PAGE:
Reese Witherspoon, Nicole Kidman open up about Big Little Lies drama, season 3 possibility
Reese Witherspoon and Nicole Kidman, who also served as the executive producers praised Bloys' response to the report, suggesting that there was no drama
Was there more drama behind the scenes of the insanely popular HBO series 'Big Little Lies' than there was on screen? Well, according to the show's star Reese Witherspoon and Nicole Kidman there was "no controversy." A report in IndieWire suggested there was quite a bit of turmoil, with director Andrea Arnold's vision of the season being taken over by executive producer and first season director Jean-Marc Vallee, reported E! News. However, at HBO's session during 2019 Television Critics Association summer press tour, HBO's programming head, Casey Bloys, said there was no controversy. "There's a lot of misinformation around that subject," Bloys told the press, noting Arnold did a "beautiful job: on the second season and that "a director typically does not have final creative control."
In a recent interview with Entertainment Weekly, Witherspoon and Kidman, who also served as the executive producers praised Bloys' response to the report, suggesting that there was no drama. "In our minds, there is no controversy. We just love the show. We had such a great time doing it. There was a lot of misinformation and no credited sources on any of the information. This was an incredibly collaborative process for all of us and the idea that anyone was mistreated and not communicated with is completely not true," Witherspoon said. "I was glad that Casey spoke so clearly about that and we are thrilled with the collaboration that yielded this season. It could have never been this show had it not been with these particular artists collaborating on this particular material," the Oscar-winning actor added.
Both actors and producers also appreciated Arnold's time behind the camera. "I think she did beautiful work. There is the same vocabulary cinematically, but the performances are mined differently, and you really feel that. She did beautiful work. We obviously had Meryl playing this uniquely strange character," Kidman said. "All the performances this season were mined by Andrea. The performances are in a different place this season. Whether we go for another season and where the performances end up, is up to whoever directs it. Because that's definitely the magic that Andrea brought to us, the mining of those performances," Kidman added.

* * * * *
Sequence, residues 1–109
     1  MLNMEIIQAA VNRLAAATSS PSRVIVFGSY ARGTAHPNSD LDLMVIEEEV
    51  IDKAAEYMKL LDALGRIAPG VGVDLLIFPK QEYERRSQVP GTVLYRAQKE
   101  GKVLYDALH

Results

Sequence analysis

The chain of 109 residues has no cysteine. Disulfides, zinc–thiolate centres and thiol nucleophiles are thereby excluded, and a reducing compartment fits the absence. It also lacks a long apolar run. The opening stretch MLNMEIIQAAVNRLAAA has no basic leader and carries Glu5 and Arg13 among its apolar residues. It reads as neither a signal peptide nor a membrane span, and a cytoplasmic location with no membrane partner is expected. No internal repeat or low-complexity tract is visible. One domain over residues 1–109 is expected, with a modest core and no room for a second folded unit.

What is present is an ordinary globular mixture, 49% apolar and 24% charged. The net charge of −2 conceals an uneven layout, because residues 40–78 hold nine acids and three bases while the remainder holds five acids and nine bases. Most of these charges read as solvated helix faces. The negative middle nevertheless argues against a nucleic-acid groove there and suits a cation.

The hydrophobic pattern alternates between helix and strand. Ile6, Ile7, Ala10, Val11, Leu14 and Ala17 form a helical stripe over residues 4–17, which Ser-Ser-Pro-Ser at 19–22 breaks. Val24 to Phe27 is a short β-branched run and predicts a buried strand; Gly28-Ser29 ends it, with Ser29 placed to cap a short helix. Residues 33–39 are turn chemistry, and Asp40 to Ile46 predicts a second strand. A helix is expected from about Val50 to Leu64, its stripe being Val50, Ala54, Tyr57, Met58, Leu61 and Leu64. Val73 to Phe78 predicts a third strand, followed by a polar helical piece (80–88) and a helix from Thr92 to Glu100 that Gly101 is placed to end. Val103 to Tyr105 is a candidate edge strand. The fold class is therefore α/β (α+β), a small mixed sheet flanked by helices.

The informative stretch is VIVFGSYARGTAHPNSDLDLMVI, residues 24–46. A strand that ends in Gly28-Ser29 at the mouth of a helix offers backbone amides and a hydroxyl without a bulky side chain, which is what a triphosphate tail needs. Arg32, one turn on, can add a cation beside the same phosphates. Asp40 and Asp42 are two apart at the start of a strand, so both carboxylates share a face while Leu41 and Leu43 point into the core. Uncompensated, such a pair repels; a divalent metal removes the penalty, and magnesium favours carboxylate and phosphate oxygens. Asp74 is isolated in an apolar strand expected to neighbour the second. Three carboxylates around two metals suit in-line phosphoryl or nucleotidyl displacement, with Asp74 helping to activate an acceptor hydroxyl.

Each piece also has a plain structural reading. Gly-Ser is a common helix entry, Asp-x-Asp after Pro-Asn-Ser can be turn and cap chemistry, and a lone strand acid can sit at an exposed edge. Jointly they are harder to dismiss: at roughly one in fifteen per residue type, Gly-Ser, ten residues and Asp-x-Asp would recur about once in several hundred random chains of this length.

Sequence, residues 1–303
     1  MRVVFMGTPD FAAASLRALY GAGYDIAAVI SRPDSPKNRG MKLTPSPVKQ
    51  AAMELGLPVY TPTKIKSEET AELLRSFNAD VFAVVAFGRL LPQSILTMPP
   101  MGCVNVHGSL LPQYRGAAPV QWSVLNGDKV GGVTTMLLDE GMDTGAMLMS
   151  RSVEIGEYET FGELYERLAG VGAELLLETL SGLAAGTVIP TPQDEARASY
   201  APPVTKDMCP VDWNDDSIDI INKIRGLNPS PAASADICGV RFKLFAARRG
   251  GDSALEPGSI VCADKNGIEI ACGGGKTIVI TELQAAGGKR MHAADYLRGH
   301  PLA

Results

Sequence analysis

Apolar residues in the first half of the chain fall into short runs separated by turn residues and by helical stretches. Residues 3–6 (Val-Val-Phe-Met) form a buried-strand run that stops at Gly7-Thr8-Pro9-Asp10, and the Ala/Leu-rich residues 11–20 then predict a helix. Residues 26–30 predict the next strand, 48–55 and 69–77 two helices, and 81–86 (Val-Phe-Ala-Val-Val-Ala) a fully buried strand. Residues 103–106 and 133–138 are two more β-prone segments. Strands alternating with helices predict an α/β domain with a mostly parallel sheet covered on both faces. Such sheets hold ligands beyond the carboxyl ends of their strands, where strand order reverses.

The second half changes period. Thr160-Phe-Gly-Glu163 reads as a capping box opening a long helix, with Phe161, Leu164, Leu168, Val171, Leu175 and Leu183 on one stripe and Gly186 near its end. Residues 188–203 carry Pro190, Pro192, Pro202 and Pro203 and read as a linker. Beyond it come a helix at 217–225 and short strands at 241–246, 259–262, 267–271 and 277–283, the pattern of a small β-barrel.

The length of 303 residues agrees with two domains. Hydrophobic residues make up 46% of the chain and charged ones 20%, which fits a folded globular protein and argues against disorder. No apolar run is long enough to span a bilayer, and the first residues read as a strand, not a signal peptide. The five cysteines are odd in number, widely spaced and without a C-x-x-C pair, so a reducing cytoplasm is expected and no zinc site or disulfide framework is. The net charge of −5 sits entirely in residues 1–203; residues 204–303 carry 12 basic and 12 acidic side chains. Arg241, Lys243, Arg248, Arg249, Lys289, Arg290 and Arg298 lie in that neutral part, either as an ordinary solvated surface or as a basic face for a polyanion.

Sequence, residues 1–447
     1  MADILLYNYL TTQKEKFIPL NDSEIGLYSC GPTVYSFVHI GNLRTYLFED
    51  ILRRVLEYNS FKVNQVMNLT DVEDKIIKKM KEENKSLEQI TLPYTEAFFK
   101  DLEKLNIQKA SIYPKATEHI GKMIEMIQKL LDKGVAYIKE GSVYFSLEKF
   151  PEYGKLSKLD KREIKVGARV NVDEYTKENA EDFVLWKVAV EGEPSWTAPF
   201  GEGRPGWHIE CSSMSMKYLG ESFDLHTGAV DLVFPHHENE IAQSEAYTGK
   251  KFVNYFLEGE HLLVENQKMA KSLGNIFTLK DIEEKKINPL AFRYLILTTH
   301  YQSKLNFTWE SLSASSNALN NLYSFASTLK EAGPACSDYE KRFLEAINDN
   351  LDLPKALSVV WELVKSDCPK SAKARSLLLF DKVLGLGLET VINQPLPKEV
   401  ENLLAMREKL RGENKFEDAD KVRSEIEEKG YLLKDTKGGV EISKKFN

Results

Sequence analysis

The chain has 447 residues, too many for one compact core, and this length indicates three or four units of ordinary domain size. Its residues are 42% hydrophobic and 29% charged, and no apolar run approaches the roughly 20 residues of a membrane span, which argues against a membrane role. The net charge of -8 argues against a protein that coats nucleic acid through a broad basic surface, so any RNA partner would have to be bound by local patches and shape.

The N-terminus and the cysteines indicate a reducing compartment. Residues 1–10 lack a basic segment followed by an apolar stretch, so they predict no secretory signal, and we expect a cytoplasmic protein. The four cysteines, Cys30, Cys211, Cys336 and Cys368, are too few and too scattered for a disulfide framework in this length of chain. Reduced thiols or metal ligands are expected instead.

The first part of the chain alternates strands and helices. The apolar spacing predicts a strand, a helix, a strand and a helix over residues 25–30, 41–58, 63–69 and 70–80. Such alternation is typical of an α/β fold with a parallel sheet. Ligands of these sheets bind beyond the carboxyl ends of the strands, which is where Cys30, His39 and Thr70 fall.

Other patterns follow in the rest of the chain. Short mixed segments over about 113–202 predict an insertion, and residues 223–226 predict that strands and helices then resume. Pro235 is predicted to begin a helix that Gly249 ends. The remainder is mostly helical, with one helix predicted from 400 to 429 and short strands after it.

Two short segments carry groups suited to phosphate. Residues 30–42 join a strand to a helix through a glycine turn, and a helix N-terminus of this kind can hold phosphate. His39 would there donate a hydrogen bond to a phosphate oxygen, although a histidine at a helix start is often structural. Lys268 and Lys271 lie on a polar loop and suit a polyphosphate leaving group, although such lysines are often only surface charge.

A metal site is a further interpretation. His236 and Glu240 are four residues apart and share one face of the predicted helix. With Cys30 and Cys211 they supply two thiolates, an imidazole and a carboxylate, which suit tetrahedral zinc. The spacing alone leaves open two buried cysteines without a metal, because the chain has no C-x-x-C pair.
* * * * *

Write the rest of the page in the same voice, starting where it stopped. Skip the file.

The second season of the HBO series ended with the Monterey Five--Madeline (Witherspoon), Celeste (Kidman), Renata (Laura Dern), Jane (Shailene Woodley) and Bonnie (Zoe Kravitz)--turning themselves in to the police following the death of Perry (Alexander Skarsgard) and their cover-up of what really happened. Ahead of the last episode, writer and executive producer David E. Kelley indicated this will be the end of the series. At TCA, Bloys said this about continuing the stories of these characters, "As the person who greenlit the Deadwood movie, I would say, never say never. My stance though, is having approached season two skeptically, what became clear to us is like, oh, there's a story to tell, like what happens after a big lie like that? How does it affect everybody? To me, on the face of it, there's no obvious place to go, no obvious story."
Noting how busy everyone one involved is, as well as the lack of obvious story, Bloys said he was "certainly be open" to a third season. "It doesn't feel like it, but I am certainly open," he said. When Entertainment Weekly asked whether Witherspoon and Kidman had known about the season two ending before starting work, the duo declined to say, stating they wanted to leave mystery should there be a third season. "If there are conversations still to be had, I think that's really what determines if we can tell a season three. Is it as good as season one and two? Does the audience still have questions? Do we have answers?" Witherspoon said.
Kidman said deciding about going forward with a third installment is "a collaboration." "We work as a group. We are incredibly tight; we talk to each other, and we are on each other's side. So, we will decide as a group. We listen to the way in which people react because so much of TV is a very immediate medium," she told EW. The show aired season two's last episode on July 21, this year.
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